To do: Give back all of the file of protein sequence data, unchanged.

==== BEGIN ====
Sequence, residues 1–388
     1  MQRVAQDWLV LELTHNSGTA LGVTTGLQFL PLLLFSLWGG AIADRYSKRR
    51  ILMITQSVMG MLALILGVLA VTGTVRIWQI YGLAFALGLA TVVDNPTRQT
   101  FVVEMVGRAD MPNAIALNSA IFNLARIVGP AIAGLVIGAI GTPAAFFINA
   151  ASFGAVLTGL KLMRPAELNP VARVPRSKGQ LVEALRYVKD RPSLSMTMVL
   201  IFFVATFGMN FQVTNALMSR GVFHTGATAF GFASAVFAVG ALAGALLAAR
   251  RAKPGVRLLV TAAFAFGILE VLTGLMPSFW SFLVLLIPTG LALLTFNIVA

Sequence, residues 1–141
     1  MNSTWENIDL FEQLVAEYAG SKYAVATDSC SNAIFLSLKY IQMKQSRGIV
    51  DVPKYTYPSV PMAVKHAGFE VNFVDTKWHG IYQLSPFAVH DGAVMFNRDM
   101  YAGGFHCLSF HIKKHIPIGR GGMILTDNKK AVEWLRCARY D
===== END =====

Sequence, residues 1–388
     1  MQRVAQDWLV LELTHNSGTA LGVTTGLQFL PLLLFSLWGG AIADRYSKRR
    51  ILMITQSVMG MLALILGVLA VTGTVRIWQI YGLAFALGLA TVVDNPTRQT
   101  FVVEMVGRAD MPNAIALNSA IFNLARIVGP AIAGLVIGAI GTPAAFFINA
   151  ASFGAVLTGL KLMRPAELNP VARVPRSKGQ LVEALRYVKD RPSLSMTMVL
   201  IFFVATFGMN FQVTNALMSR GVFHTGATAF GFASAVFAVG ALAGALLAAR
   251  RAKPGVRLLV TAAFAFGILE VLTGLMPSFW SFLVLLIPTG LALLTFNIVA

Sequence, residues 1–141
     1  MNSTWENIDL FEQLVAEYAG SKYAVATDSC SNAIFLSLKY IQMKQSRGIV
    51  DVPKYTYPSV PMAVKHAGFE VNFVDTKWHG IYQLSPFAVH DGAVMFNRDM
   101  YAGGFHCLSF HIKKHIPIGR GGMILTDNKK AVEWLRCARY D